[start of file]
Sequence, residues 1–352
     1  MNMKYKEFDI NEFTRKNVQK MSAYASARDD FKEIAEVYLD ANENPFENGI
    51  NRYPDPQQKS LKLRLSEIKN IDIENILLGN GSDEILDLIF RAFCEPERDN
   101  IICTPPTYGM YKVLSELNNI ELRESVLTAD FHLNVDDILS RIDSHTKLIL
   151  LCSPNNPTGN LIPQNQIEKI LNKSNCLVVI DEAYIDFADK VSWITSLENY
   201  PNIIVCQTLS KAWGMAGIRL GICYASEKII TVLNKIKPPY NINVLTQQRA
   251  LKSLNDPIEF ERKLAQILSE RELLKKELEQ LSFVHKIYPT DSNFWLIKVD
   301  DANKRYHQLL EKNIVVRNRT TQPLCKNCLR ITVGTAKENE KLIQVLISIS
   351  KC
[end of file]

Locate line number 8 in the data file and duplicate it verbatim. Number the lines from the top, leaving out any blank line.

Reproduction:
   301  DANKRYHQLL EKNIVVRNRT TQPLCKNCLR ITVGTAKENE KLIQVLISIS